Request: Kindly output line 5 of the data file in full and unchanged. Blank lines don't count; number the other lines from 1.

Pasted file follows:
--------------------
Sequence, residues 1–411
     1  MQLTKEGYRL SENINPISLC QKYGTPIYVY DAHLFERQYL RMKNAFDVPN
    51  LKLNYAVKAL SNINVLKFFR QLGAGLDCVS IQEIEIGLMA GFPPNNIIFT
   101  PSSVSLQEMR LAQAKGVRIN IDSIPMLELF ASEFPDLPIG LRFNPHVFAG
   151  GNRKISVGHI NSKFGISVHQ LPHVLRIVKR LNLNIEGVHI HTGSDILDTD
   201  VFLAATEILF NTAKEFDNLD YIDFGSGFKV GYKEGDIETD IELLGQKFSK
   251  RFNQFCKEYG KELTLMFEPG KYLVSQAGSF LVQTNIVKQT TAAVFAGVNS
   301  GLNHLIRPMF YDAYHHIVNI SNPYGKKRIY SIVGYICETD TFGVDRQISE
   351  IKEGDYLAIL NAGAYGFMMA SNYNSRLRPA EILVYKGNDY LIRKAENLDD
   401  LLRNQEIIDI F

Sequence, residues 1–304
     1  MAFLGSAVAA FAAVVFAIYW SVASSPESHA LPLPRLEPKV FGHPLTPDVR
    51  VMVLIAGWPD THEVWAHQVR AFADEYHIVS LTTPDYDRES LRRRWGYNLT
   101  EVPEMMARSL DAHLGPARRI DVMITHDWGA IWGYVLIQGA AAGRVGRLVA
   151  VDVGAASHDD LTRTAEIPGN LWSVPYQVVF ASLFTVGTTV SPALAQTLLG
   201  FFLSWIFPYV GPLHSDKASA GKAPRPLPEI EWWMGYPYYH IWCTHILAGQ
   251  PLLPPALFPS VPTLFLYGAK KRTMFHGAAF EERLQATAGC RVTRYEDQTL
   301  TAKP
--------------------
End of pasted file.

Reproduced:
   151  GNRKISVGHI NSKFGISVHQ LPHVLRIVKR LNLNIEGVHI HTGSDILDTD